One key to getting through any emergency situation is preparation.
With wildfires raging across California, more and more residents are being faced with having to evacuate. The Mendocino Complex fire is now the largest wildfire in state history, a record previously held by last year’s Thomas fire.
The first thing to pack should be your “go bag” of essentials. That, experts say, should include:
Water and nonperishable food
A first aid kit
Batteries and chargers for your devices
Several days’ worth of clothing — including coats, pajamas, underwear and socks
Moist towelettes, garbage bags and plastic ties for sanitation purposes
A battery- or crank-operated radio
A whistle to signal for help
Local maps in case GPS isn’t working
Beyond that, there are six categories of things to pack if you need to evacuate. They’re called the 6 Ps, said Kate Hutton, a public information officer for the Los Angeles Emergency Management Department.
1) People and pets
Your family members — human and otherwise — should be your first priority when you evacuate. There’s a perception that emergency shelters won’t accept pets, but that isn’t the case in L.A., Hutton said. As long as your pet is under control, on a leash or in an appropriate carrier or tank, the shelter will be able to take you all in.
Make sure you have whatever your pets will need on the road and in a shelter — including food and water, bowls for them to eat and drink from, any medication they take and leashes and toys.
2) Papers and phone numbers
Things such as passports, birth certificates and marriage licenses should all come with you. So should the deed to your house or your rental agreement and any other legal documents. If you’re bringing your pet, make sure to pack proof that it’s up-to-date on vaccinations.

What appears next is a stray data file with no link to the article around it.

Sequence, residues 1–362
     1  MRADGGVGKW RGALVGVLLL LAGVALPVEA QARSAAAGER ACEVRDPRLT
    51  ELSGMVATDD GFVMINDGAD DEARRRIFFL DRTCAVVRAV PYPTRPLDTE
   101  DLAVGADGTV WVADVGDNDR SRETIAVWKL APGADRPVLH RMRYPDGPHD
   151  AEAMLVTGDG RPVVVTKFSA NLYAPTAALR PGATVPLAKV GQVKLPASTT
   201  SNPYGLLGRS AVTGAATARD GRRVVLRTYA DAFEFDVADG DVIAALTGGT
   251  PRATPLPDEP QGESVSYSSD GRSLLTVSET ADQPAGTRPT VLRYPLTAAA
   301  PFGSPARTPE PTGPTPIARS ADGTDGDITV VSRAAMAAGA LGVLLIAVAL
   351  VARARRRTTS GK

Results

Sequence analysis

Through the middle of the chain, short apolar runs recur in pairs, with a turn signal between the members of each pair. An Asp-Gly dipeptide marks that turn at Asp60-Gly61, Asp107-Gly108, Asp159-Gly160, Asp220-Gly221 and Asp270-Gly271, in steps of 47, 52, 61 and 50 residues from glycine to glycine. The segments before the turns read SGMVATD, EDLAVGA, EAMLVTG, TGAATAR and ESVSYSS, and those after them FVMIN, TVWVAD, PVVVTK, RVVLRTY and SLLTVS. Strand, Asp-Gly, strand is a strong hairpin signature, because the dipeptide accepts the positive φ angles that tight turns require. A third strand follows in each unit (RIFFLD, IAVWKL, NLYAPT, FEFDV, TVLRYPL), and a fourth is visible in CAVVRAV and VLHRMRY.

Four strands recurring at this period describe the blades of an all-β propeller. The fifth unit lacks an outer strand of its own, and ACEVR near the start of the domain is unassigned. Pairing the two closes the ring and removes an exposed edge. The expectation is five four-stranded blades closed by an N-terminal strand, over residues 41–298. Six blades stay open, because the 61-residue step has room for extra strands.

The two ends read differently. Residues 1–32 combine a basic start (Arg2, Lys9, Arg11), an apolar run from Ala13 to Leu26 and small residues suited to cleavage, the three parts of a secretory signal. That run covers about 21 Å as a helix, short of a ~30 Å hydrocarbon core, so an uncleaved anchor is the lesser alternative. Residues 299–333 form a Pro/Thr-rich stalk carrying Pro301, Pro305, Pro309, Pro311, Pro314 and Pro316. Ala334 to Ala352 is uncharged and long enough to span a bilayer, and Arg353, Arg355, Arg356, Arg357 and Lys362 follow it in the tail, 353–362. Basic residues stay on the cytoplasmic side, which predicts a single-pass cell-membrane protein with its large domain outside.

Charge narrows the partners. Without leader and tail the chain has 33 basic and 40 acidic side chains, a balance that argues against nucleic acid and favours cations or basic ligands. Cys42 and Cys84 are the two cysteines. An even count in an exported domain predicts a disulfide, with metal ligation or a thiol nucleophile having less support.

A list of essential phone numbers should be in there too, in case you end up somewhere with a dead cell phone. Make sure you have numbers for doctors, relatives, an out-of-state contact, neighbors, coworkers, your insurance agent, your lawyer, your landlord and your veterinarian if you’re bringing your pet.
Pack anything you’ll need for your health while away from home. This includes prescription medication as well as eyeglasses, contact lenses and vitamins. Don’t forget toiletries such as toothbrushes, toothpaste and contact solution. If you have very young family members, make sure you’ve packed diapers, wipes and the stroller.
A first aid kit should already be in your “go bag,” but if it isn’t, make sure to pack one with bandages and gauze, medical tape, an antibiotic cream, antacids, anti-diarrhea medication, over-the-counter pain relievers and antihistamines.
4) Pictures and personal items
This includes photo albums, framed photos and other irreplaceable memorabilia, along with any personal items you wouldn’t want to lose. We asked our readers what they took with them when they evacuated during the wildfires. Jewelry, a favorite sweatshirt, guitars, crystals, video game consoles, a drone, antiques and a bridesmaid dress for an upcoming wedding were among the items mentioned.
Any personal item is appropriate, Hutton said, as long as it won’t slow down the evacuation process to pack it. (In other words, if your great-grandmother’s crystal unicorn collection requires each figurine to be individually wrapped and boxed, leave it.)
5) Personal computers
Your computer — laptop or desktop — probably contains a lot of important documents, photos and other files. Computers are vital for staying in contact and accessing critical services if you lose your home or have to be away for an extended period of time. Also, don’t forget your external hard drive if you have photos or pertinent data stored there.
Your credit cards, ATM cards, insurance cards and cash, along with your ID.
“You want to make sure you have the cards in your wallet that will help you get back on your feet, or identification to get back into your neighborhood,” Hutton said.
If you’re under voluntary evacuation or an evacuation warning, start loading your car so you’re ready to go as soon as the order comes. Knock on your neighbors’ doors to make sure they’re aware of what’s going on.